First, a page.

Out of my kitchen, aromas of happiness

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This is not something I say often. Or ever, really. But I wish you could smell my kitchen.

An hour ago, I came home with a carload of groceries. I hauled in two bags at a time, as much as I could carry, back and forth, back and forth, thinking -- as I always do -- surely there's a better way to do this.

Wrong. There is no better way. If you know of one, I'd love to hear about it. While I can't say I've spent a lot of time cooking, I could almost swear I've spent half my life hauling groceries home and putting them away.

When my children were growing up -- especially when they were teenagers -- we went through groceries so fast I used to joke about making them eat in the car straight from the bags.

It wasn't much of a joke.

The kids are grown now, cooking for themselves, leaving my husband and me on our own, usually. But I still spend a lot of time in grocery stores.

Maybe we eat more than we used to? Whatever. The point is, groceries are a big part of my life.

But let me be clear.

I am not complaining. I love shopping for groceries. I love the infinite variety, seeing what's fresh, what's in season, what's in other people's carts.

I don't even really mind hauling it home and putting it away. If that's a problem, it's a good problem to have.

My mother had a much bigger problem with groceries: paying for them. It was often a struggle. To compensate, she'd spend hours every summer gardening and canning and freezing fruits and vegetables for the winter.

It's not bad on occasion to have too little. It teaches you to count your blessings and never take for granted being lucky enough to have too much.

One of my favorite meals growing up was something my mother called "soup mixture" -- a blend of tomatoes, onions, corn and okra that she canned in quart-sized Mason jars and lined up like trophies on a shelf.

Come winter, when the wind howled through cracks in the cinderblock walls, she would pop open one of those jars, heat it up on the stove, bake a big pan of cornbread and we'd eat.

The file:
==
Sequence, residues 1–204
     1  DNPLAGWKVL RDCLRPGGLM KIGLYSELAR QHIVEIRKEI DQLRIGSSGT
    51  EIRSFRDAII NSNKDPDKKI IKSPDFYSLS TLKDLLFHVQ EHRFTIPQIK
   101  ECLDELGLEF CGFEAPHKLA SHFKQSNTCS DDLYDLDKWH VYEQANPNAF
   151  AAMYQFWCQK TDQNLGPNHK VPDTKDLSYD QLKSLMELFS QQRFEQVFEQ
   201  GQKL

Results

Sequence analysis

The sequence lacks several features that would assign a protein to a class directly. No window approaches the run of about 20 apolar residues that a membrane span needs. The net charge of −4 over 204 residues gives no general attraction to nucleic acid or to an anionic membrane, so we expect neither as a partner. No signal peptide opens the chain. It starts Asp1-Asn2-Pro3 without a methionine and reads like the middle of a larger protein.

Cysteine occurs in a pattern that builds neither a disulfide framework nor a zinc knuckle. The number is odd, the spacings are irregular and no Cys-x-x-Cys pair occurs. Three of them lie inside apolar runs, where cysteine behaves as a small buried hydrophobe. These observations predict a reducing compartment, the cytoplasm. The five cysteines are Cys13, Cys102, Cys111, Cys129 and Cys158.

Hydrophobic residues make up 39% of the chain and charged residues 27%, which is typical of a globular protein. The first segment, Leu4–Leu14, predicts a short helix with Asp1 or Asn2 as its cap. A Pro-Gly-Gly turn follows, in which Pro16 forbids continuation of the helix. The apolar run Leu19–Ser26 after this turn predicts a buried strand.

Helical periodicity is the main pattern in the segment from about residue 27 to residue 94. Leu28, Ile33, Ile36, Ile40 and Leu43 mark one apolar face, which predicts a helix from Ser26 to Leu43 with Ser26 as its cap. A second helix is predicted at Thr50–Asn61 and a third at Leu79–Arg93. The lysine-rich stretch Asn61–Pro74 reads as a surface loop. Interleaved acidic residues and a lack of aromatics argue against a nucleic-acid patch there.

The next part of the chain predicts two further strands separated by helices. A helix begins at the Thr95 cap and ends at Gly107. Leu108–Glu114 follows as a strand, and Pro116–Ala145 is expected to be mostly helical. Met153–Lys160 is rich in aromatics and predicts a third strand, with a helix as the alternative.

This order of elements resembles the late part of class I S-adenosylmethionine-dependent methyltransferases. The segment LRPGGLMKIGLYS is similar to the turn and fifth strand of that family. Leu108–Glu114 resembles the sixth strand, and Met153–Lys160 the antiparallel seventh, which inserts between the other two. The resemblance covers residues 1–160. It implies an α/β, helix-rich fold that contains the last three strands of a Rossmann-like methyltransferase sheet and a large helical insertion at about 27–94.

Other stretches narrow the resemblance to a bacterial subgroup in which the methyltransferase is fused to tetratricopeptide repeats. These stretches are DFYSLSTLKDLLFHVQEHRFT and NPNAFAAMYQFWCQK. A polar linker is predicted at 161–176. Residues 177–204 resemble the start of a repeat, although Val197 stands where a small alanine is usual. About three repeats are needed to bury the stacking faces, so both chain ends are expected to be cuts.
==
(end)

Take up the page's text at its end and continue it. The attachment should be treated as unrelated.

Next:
It was good.

Just coming home to the smell of it simmering on the stove was enough to make me happy.

Which brings me to where I started: the smell in my kitchen. After putting away all those groceries, I turned on the oven.

Yes, I know how.

Then I filled a roasting pan (lined with parchment paper for easier cleanup) with a dozen fresh tomatoes (cut in half), four onions (quartered) and a fistful of garlic (whole cloves, peeled). Salt and pepper to taste.

I put that pan in the oven to roast at 350 for two hours. Then I filled another pan (also with parchment) with an eggplant (cut in bite-sized chunks), a bunch of Brussels sprouts (halved) and a butternut squash (peeled and cubed).

Salt and pepper again. That pan went in the oven, too, top rack above the tomatoes. It's been in there about an hour.

I wish you could smell it.

I'll take it out soon. The squash will go in soup tomorrow. The sprouts will be a side dish tonight.

I'll boil and drain a pot of pasta. In about an hour, after the tomatoes collapse and turn a gorgeous reddish brown, I'll take them out and scrape them into a pan along with the roasted eggplant and onions and garlic, plus a cup of white wine or some pasta cooking water.

I'll let that simmer for a bit.

When my husband comes home from work, the smell of it will make him happy.

I'll pour it over the pasta, serve it up and we will count our blessings. It will be good, yes, almost as good as my mother's soup mixture.

And the best thing about it?

I got the recipe from my oldest child.

intelligencer

Sharon Randall is a columnist for Scripps Howard News Service: www.sharonrandall.com


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